March 30, 2020

A Message from the Dean of the College of the Liberal Arts

Dear Liberal Arts Undergraduates:

Last week, I had a Zoom meeting with the executive board of the Liberal Arts Undergraduate Council (LAUC). I was deeply grateful for their time and the conversation. More than anything else, I was impressed by their resilience; like you, they have been incredibly brave while weathering the difficulties brought about by the COVID-19 outbreak. As you know all too well, these challenges have included feeling dislocated by the abrupt shift to remote teaching; a sense of loss triggered by physical separation from classmates, friends, and family; frustrations with unreliable wi-fi connections; and nagging unease about professional prospects after graduation.

These LAUC leaders were also candid in sharing their concerns about an absence of future internship opportunities; the unique forms of isolation faced by international students; the strain on mental wellness; a lack of guidance in some courses; and some instructors’ lack of understanding about time zone differences and other unusual new demands on students that have made remote learning at times a traumatic experience. Others have expressed their discomfort with virtual classmates who come to class under inappropriate names, or who have become more emboldened to engage in academic misconduct. At the same time, I heard from them—and others—inspiring stories about many instructors who have risen to the challenge of remote teaching with new energy and innovation, students who had been quiet in the physical classroom but who have discovered a more vigorous presence in the virtual environment, and classmates who have reconnected by means of synchronous learning.

I want to assure you that the University is keenly aware of your concerns, and several teams commissioned by the provost’s office are working actively to address them in a comprehensive and timely manner. As evidence of this, Penn State will offer “Satisfactory,” “Passing,” or “No Grade” options to students for their spring grades. I strongly encourage you to have a conversation with your adviser about the new grading options and your particular academic situation so that you make an informed choice that is in your best interest.

Penn State will also maintain pay and benefits for all employees, including work study students and paid student interns, through April 30 in order to guarantee that the members of our community are able to meet their financial obligations while the University explores longer-term solutions should this emergency persist beyond the spring. Further, the University has raised more than $100,000 in student emergency funds, and development officers continue their fundraising efforts on your behalf. If you find yourself in need of financial assistance, please contact the Student Care and Advocacy Office ( .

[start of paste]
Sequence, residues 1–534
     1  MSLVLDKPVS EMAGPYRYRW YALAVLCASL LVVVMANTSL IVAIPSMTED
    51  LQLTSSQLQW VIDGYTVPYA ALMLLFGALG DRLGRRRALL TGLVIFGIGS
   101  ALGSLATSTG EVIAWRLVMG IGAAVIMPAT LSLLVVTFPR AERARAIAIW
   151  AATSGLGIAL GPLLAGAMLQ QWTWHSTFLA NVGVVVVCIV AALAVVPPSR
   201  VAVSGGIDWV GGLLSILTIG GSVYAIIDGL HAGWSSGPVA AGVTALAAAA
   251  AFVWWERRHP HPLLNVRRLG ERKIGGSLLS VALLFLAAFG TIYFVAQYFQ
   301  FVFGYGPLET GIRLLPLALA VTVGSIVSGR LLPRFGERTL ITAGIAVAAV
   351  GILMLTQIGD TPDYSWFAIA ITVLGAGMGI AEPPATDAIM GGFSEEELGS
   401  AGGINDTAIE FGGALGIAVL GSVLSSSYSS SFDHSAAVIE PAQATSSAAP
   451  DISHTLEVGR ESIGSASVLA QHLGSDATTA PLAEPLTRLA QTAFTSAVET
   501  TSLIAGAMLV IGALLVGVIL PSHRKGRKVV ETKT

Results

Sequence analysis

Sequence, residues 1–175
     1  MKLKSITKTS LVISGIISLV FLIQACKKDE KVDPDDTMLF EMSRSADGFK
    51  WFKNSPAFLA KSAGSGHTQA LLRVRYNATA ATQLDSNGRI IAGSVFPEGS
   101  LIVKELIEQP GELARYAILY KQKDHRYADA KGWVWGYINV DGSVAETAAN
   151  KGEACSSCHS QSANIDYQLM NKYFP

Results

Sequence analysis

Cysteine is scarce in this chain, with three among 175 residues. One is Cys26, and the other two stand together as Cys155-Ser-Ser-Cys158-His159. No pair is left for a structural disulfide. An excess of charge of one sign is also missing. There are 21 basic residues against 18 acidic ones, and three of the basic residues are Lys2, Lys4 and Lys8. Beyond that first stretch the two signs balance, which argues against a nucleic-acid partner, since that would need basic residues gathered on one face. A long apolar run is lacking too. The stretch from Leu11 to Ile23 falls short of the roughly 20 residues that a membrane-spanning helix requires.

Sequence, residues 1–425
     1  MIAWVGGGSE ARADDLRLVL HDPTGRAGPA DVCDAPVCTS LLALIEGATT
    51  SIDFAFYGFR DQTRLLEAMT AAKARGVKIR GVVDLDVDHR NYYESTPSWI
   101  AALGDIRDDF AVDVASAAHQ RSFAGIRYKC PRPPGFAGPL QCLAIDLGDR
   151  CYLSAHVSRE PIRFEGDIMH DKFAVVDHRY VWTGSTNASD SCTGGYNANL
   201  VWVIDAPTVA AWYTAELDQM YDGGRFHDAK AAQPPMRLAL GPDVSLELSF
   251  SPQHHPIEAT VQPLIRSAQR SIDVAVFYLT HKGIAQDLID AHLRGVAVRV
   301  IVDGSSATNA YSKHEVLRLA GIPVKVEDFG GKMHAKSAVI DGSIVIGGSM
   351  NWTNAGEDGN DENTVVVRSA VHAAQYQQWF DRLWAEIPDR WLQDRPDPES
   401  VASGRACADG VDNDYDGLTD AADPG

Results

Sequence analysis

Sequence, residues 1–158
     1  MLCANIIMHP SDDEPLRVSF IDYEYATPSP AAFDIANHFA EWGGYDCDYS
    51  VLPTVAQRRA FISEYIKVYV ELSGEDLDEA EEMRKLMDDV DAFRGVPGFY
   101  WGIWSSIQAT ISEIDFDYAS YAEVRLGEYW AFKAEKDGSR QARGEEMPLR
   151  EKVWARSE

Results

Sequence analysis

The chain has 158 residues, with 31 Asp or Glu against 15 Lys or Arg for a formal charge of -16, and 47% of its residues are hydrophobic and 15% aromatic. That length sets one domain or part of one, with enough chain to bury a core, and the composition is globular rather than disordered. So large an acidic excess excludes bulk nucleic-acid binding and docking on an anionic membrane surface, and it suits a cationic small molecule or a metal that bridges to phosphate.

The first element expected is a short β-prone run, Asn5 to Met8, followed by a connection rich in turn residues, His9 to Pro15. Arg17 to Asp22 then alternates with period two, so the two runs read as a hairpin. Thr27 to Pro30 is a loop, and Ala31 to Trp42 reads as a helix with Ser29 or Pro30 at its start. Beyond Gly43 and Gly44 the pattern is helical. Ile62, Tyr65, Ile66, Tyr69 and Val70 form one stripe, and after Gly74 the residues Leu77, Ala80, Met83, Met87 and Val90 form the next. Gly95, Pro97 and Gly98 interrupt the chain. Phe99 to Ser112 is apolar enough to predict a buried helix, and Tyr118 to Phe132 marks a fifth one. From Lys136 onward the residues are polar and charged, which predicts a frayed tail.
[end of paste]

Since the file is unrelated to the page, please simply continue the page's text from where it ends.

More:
Also, please remember that Counseling and Psychological Services ( is also available to help if you find yourselves under extreme pressure. At the college level, Dr. Earl Merritt, director of our Office of Diversity and Inclusion, will be hosting weekly Zoom gatherings from 1:30–3:30 p.m. EDT the next six Wednesdays (April 1, April 8, April 15, April 22, April 29, and May 6) for students seeking the support of that office while adapting to the new learning environment. Visit the Undergraduate Student Resources ( section of the college’s Remote Resources website for information on how to join any or all of those meetings.

You should know that the overwhelming majority of faculty, advisers, and other staff in our college are committed to your academic success and to the caliber of teaching that you deserve. Keep in mind, however, that they are doing this while facing challenging situations of their own—being deprived of social interactions with colleagues and co-workers, parenting young children whose daycare centers have closed, caring for aging family members who demand their time and labor, competing for internet bandwidth in their homes, and worrying about how a prolonged COVID-19 pandemic will affect their careers.

This is not to say that we can’t do better—we can, and we will. In return, however, I ask that you do all that you can to perform at the top of your abilities in class. Stay in close contact with your instructors and advisers about course-related questions and obstacles. Do your part to promote a fair, equitable, and inclusive classroom environment where your peers and your instructors are respected and can be their best, most successful selves.

I will close this message by sharing some good news involving two longtime supporters of the college: Gene and Roz Chaiken, whose Chaiken Trustee Family Scholarship has been making a Penn State education more affordable for scores of students since 2008. Their company, Almo Corporation (the nation’s largest independent distributor of major appliances, consumer electronics, professional A/V equipment, and furniture and housewares), has formed a partnership with Bloom Energy Corporation to refurbish unused, out-of-warranty ventilators and ship them to state agencies and hospitals throughout the nation to help address a growing shortage of these critical devices. The work that the Chaikens are doing is not only a needed public service, but it also powerfully illustrates the creativity, problem-solving, empathetic citizenship, and care that the liberal arts prepare students to apply to tackling real-world problems.

I encourage you to take this good work as a model for your own activities, large or small, that allow you to pull together with others for the common good. Best wishes for a productive week.

Dean Lang